1952: Milt Shedd and friends use live bait for the first time to catch marlin.

Prior to 1952, the conventional way to catch striped marlin in Southern California was to troll dead flying fish on the surface. For Milt Shedd, one of the real thrills in fishing was figuring out a better way to catch them. While cleaning marlin to smoke, he often noticed mackerel, sardines, anchovies, and more in their stomach, but rarely did he find flying fish. He figured if he could cast a live mackerel by a tailing or sleeping marlin, his catch rates would improve – and they did. As reported in the January 2000 issue of Sport Fishing Magazine, "With 200 boats in the So Cal fleet, Milt and his two friends caught 5 of the 8 fish caught that day." It did not take long for others to follow Milt's lead and sight casting for marlin quickly became common practice in Southern California.


1958: J.C. Axelson founds the Axelson Fishing Tackle Company (AFTCO).

Axelson Mfg. Co. was a large company with over 1,000 employees that manufactured several products including aircraft landing gear, tooling for the oil industry, and even the famous Axelson machine lathe. The man who built the company, J.C. Axelson, not only loved the manufacturing process, but fishing as well. As an angler, he could not find roller guides to match his quality standards, so he decided to make his own. After selling his business, he purchased a waterfront home on Lido Island in Newport Beach, California. To indulge his passion for inventing and manufacturing, he built a full-fledged machine shop in the basement, and this is where the AFTCO roller guides were created.


1963: Milt Shedd and wife Peggie found the Mission Bay Research Foundation, later renamed the Hubbs-SeaWorld Research Institute.

Hubbs has become a major marine research center. In the beginning however, it was Milt and Peggie behind the scenes. Hubbs was created to give something back to the marine resource via science and education. It is common in today's world for businesses to focus on ways to contribute to their community. But this was 1963 – a full year before SeaWorld opened and long before concepts like cause marketing, going green, or even simply giving back. Milt Shedd truly was a visionary and his passion for the ocean and the creatures that live there drove that vision. He understood that what the future marine world needed most was for people to better understand its many mysteries.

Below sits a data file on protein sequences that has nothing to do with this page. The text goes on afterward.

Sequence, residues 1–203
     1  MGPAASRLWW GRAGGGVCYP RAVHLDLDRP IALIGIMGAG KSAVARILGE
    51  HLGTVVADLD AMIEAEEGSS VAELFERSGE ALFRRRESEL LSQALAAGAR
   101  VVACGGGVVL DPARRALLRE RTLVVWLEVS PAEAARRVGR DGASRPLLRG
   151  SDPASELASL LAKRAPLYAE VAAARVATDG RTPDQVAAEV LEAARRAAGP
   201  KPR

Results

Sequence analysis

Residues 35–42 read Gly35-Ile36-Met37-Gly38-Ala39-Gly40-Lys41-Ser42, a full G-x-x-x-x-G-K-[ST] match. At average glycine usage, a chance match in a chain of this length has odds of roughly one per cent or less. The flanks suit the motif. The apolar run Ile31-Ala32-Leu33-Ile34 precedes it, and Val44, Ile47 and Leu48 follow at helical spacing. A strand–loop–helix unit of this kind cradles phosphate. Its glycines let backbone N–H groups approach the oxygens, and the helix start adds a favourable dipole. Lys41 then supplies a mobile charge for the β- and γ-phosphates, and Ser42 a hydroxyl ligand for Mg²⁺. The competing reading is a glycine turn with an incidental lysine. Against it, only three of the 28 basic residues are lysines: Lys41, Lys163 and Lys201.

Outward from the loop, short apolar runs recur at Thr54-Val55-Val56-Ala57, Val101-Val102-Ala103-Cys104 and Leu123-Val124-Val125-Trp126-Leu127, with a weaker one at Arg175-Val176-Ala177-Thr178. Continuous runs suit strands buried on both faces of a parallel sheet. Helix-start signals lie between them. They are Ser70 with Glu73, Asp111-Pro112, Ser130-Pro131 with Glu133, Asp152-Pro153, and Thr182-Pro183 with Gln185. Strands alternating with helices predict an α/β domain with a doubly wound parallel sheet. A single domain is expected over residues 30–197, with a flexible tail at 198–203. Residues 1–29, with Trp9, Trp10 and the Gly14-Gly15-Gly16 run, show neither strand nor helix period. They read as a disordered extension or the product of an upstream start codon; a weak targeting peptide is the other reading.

1964: Milt Shedd co-founds SeaWorld and begins his position as Chairman of the Board.

The idea for SeaWorld is one that switched from a seafood restaurant to an oceanarium. Originally, Milt Shedd and fraternity brother George Millay were going to build and own a seafood restaurant in Long Beach, California. George had restaurant management experience and Milt was an investment banker with experience helping others raise money. Both wanted to own their own business, so they went in together. Their idea was to build a restaurant below sea level so that customers could look out into the harbor and see marine life while they dined. The problem was that the water was often too dirty for people to see anything, and even if it was clear, there might not be much life swimming by. They figured they could find a way to build a partition out of sight so customers would be looking into a controlled tank that looked like the open harbor. If they could do that, they figured why not expand the concept into an oceanarium. Thus, the idea for SeaWorld was born, and shortly thereafter, fellow fraternity brothers Dave De Motte and Dr. Ken Norris joined the partnership. George took on the role as President and Milt became Chairman of the Board of SeaWorld Inc., a position he held until retirement in 1985.

1967: J.C. Axelson Adds the HD 56 set of roller guides to the product line.


1973: Milt and Peggie Shedd purchase AFTCO from Mary Axelson, widow of J.C. Axelson.

Milt assumes role as board chairman, and Peggie becomes head of accounting.


1974: Bill Shedd joins AFTCO as Sales Manager.

AFTCO introduces aluminum rod butts.

In June of 1974, Bill Shedd drove from Boston to the Florida Keys, visiting east coast customers to learn about their needs. He saw that the supply of aluminum rod butts was inconsistent, and customers often complained about the heavy weight of the butts that were machined from solid bar stock and then drilled. Shedd figured if AFTCO could make them better and provide a consistent supply, they could create a good business. When he returned to AFTCO, he began to look for a manufacturing solution.

While on an offshore fishing trip with his dad Milt, he explained the opportunity, but that he had been unable to find a proper manufacturing solution. Milt suggested that they talk to his friend Jim Easton from the Easton Aluminum Company. As luck would have it, Jim explained that another manufacturer who had begun to work with Easton on aluminum rod butts had just pulled out of the partnership and Easton had several partially completed dies in process. He invited them to come up the next morning and as of 2022, AFTCO butts and Unibutts are still made from JD Easton swaged parts.